This article will help you read and understand your pathology report for extramammary Paget disease of the vulva.
by Emily Goebel, MD FRCPC, reviewed and updated on September 19, 2020
The vulva is the external part of the female genital tract. It forms the opening of the vagina and includes the mons pubis, labia majora, labia minora and clitoris. The vulva is composed of skin. The surface of the skin is called the epidermis and is mostly made up of squamous cells. The tissue beneath the epidermis is called the dermis, it contains blood vessels and connective tissue. Another name for the dermis in this part of the body is stroma.
Extramammary Paget disease is a cancer that develops in the epidermis of the vulva. It is considered a type adenocarcinoma. Paget disease rarely spreads to lymph nodes or other parts of the body. It can, however, re-grow (recur) in the same location after surgery.
This diagnosis is usually made after a small sample of tissue is removed in a procedure called a biopsy. The entire tumour will usually be removed fully in a larger surgical procedure called an excision or vulvectomy.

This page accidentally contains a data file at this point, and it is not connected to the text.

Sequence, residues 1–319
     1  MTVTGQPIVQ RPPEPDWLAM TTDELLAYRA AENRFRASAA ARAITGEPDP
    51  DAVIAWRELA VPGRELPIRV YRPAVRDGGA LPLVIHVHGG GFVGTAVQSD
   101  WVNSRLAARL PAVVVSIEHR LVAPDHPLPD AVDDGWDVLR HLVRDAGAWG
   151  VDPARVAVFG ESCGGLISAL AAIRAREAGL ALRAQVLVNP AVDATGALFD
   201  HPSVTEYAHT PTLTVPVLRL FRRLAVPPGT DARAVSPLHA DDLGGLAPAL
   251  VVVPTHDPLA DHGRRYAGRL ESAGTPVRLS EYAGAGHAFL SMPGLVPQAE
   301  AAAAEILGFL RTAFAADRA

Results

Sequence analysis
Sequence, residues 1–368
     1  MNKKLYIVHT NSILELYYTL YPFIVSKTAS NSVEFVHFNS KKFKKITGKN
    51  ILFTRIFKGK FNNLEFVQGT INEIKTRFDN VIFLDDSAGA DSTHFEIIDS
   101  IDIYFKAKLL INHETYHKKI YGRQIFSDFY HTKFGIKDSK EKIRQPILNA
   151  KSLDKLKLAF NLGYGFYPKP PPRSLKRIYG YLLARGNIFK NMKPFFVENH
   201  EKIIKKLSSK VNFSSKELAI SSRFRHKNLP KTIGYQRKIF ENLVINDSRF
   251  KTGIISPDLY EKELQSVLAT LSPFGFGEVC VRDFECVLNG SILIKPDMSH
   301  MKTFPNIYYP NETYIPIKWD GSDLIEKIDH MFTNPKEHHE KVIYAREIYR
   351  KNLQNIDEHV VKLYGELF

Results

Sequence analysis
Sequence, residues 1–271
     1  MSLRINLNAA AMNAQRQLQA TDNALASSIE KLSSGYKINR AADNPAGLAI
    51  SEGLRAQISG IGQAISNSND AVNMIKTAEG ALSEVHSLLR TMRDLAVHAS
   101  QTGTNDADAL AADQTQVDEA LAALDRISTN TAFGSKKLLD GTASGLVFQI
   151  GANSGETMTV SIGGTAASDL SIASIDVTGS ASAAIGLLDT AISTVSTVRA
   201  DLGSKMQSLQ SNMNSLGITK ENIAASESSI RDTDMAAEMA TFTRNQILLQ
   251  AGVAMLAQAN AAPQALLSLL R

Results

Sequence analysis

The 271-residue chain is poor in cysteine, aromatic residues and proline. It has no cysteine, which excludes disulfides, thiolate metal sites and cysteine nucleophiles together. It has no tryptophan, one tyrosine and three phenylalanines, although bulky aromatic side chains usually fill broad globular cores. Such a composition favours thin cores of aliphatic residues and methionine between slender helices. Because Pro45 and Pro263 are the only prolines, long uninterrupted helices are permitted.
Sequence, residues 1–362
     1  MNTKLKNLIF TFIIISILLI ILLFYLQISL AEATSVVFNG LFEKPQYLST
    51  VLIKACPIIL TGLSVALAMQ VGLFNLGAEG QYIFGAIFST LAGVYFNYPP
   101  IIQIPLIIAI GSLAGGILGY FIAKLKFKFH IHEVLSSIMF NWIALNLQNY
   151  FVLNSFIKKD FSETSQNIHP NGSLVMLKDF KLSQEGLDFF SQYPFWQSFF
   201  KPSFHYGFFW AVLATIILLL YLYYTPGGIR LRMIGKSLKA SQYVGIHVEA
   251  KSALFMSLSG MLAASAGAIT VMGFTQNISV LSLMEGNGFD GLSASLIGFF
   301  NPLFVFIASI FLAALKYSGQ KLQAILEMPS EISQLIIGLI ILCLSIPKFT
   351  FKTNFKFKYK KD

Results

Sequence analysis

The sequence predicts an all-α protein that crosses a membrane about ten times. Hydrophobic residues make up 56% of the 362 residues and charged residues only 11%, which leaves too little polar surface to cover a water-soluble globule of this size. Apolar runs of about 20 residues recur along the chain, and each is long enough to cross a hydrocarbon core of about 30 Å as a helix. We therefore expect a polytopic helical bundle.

The cancer cells in extramammary Paget disease usually stay in the epidermis. Invasion is a word pathologists use to describe the spread of cancer cells from the epidermis into the dermis or stroma below.
Tumours with deep invasion into the dermis or stroma are more likely to spread to lymph nodes or other parts of the body.
Your pathologist may perform a test called immunohistochemistry to confirm the diagnosis and to exclude other cancers that may look similar to extramammary Paget disease.
The tumour cells will be positive or reactive for immunohistochemical markers such as CK7 and GCDFP-15 and negative or non-reactive for p63 and S100, which you may see included in your pathology report.
Tumour size is a measurement of the area with Paget disease. It is usually described in centimeters. Some reports will describe the tumour size as the extent of disease.
A margin is any tissue that has to be cut by the surgeon in order to remove the tumour from your body. A negative margin means that no cancer cells were seen at the cut edge of the tissue. In contrast, a positive margin means that cancer cells were seen at the cut edge of the tissue. A positive margin increases the risk that the tumour will grow back in that location.